This is a long post, so I apologize in advance. Something else occurred to me, after I made the earlier post on ‘Problem Customers’. It’s the concept that data security should be considered a customer service. If I am paying for a service, the vendor and I establish a trust relationship. I trust that you will provide me a valuable product or service, and you trust I will pay you for that product or service. To help protect the merchant either an up front payment, or some personal information that provides a means to ensure payment, are provided. But once the merchant has that information, the customer trusts that they will keep it safe and take care of their confidential information.
During my many hours on the phone with the ‘Customer Care’ organization I mentioned in the previous post, I struck up a few friendships along the way. My first was with an account representative who happened to be former database administrator, under-employed since the technology market crash. When I asked him about the ‘social number thing’ he said ‘they got to have it’. But he added that ‘the entire database is keyed from the social security number, so all the tables require SSN for a unique identifier’. Subsequent calls to other customer service representatives confirmed this was true, and seen by the customer service representative.
Having been working with databases for the last 20 years, I know exactly what he was talking about. I used to do that too, back in the 1980s before anyone had heard of identity theft. Using the Social Security Number as a primary database reference key was a common method to make sure a customer was only in the database once. It’ somewhat akin to the Y2K issue of using two digits to represent the year, and time would show us that both were bad ideas. This practice is all but extinct now, and there is no longer a good technical reason, and probably no good security reason, to use Social Security Numbers. If you are going to collect this data, you had better have a darn good reason for it. Uniquely identifying a customer is not one of them.
What I was worried about at the time was that many other data mining & telemarketing companies used SSN# as their unique key to user identity in the database. The service companies that collected information ‘required’ it as it raised the value of the data they would later resell to these other firms for marketing or sales intelligence. The idea for the company was to make customer care a profit center by giving it a way to generate revenue. But to the consumer it meant the ubiquitous dinner time sales call. As it was something I am given the option of opting out of, I choose not to give it out. My desire for privacy is the reason I am not keen on providing this information to be sold as a commodity on some secondary information market without my permission.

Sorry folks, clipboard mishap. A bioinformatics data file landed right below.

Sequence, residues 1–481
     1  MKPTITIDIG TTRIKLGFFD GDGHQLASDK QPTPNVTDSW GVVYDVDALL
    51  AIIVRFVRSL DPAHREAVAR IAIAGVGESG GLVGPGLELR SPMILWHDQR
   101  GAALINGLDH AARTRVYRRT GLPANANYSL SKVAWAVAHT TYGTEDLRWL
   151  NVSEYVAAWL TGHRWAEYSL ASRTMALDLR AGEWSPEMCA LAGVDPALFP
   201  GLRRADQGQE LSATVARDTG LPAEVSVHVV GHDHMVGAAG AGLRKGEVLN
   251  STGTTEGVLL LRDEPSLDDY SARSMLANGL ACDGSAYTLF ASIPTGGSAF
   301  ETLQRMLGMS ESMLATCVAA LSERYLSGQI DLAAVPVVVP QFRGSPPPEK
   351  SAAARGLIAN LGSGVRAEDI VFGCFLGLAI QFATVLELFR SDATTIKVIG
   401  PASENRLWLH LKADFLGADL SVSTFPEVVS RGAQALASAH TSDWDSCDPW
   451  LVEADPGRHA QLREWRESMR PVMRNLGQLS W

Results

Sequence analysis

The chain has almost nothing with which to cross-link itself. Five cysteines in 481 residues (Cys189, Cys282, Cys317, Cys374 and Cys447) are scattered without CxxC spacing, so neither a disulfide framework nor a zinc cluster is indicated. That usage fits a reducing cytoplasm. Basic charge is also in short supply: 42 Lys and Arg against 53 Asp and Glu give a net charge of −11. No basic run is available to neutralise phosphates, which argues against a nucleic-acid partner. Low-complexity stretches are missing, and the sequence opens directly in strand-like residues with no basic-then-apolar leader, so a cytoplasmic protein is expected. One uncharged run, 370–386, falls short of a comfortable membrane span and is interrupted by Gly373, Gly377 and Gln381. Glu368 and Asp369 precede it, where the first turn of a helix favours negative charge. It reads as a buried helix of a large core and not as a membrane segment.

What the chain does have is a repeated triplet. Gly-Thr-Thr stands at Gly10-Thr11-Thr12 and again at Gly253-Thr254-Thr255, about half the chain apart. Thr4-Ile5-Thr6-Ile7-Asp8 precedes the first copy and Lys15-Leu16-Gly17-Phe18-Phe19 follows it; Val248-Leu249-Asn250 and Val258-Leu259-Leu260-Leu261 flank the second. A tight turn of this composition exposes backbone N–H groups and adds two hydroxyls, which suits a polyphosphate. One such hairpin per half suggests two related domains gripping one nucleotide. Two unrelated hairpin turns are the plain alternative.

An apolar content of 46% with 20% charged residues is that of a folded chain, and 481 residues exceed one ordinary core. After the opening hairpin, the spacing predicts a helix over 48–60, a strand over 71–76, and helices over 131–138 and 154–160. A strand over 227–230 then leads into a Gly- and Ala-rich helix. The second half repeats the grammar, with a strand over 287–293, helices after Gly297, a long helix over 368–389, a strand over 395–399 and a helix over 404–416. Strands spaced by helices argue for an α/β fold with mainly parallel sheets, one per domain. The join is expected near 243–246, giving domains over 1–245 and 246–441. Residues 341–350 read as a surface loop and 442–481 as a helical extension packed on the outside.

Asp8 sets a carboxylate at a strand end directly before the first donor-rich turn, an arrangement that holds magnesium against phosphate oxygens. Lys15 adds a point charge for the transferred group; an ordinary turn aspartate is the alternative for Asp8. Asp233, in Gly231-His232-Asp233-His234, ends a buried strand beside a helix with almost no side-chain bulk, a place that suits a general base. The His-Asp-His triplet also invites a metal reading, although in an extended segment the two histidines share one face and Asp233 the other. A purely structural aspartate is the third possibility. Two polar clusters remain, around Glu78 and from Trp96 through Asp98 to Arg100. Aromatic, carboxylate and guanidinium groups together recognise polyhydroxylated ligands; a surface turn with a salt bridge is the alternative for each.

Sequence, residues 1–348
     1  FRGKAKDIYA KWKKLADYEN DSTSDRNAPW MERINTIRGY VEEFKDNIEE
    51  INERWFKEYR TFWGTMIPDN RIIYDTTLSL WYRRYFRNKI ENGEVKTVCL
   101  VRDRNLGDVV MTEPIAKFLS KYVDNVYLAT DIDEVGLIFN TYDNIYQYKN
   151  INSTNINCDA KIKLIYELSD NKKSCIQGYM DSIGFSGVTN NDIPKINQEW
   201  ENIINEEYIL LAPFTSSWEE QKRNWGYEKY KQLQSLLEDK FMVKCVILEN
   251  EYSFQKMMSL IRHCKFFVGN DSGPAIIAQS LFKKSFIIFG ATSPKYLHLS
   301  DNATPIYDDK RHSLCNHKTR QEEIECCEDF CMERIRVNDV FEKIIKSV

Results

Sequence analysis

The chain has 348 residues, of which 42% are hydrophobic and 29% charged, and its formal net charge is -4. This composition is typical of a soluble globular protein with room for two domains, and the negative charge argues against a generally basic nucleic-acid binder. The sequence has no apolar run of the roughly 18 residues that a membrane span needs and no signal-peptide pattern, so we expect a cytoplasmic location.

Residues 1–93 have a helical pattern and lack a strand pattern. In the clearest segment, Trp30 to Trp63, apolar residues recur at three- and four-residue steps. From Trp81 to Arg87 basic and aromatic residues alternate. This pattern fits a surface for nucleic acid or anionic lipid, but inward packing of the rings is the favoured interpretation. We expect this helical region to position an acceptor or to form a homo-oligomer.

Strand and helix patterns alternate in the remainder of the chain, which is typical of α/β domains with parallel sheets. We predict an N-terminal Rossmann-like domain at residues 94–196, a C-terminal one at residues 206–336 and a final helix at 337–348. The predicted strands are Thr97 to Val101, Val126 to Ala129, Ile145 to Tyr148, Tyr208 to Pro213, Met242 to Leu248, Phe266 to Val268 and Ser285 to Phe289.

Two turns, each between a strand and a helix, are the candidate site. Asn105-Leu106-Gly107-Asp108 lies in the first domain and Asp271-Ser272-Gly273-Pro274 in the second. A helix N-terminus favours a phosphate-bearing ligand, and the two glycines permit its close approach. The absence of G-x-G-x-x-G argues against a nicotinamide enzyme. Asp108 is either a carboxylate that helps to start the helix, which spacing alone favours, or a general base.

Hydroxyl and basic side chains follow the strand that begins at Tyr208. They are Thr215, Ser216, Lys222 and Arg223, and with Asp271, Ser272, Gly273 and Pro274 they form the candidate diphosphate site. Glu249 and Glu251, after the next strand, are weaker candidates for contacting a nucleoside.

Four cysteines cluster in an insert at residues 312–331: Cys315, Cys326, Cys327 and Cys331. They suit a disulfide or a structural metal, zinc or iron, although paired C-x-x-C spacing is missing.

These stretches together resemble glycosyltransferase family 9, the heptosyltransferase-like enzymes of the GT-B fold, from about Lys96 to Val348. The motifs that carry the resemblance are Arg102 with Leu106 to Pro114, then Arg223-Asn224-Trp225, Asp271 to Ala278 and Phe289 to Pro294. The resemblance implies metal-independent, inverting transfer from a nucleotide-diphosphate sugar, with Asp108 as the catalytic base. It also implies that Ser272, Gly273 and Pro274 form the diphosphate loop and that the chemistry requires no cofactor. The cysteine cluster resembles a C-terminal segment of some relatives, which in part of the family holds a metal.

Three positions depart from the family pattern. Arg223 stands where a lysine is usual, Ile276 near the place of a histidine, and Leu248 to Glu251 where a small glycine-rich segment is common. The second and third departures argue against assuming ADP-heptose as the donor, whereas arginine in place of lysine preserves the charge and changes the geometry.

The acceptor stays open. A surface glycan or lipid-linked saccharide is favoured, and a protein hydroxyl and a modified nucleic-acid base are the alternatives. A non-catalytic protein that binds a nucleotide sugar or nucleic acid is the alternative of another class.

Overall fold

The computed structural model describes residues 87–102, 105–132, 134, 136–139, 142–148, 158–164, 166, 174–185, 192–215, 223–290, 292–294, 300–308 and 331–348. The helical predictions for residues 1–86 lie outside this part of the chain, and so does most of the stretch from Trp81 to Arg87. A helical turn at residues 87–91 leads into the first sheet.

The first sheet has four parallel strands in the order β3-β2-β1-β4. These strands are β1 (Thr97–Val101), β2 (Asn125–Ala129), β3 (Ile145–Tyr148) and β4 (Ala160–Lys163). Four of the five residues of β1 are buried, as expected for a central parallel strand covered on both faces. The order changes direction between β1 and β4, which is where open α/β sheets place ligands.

My viewpoint is that is focus on the bottom line without regard for the customer is a problem. You take care of your customer, and part of the way you do that is by protecting their information and not requiring them to bear the burden of poor data security. You do so by not subjecting them to marketing and sales calls. A desire to provide quality customer service should include a willingness to treat the information as you would the customer. After all, collecting this information provides little benefit to the customer rather it protects the business from fraud. There is an assumed custodial responsibility on the business’s part to keep that information safe.
There are several telltales in the way a company treats their customers that are warning signs: Collecting & storing sensitive information un-needed to provide service; selling or sharing customer information outside your organization and outside of their control; a ‘Customer Care’ automated phone system offering dozens of automated ways to “pay now”, but few to zero ways to get a person to help you. I am sure the readers out there could offer a few telltales of their own.
As a “Customer Care” activity, disconnecting users who requests service too often is what I consider to be another telltale of lack of care. Do you think that the 2/10th of one percent of their customer base they told to go elsewhere was the lunatic fringe, or are they simply the vocal minority who had the time and energy to point out the service provider flaws? In my mind, it begs the question: did these customers “repeatedly asked for information about other people's accounts” as stated Yahoo! News article, or were they simply asking “Do you treat all your customers this way”?
If you care for your customer, take care of their information as well.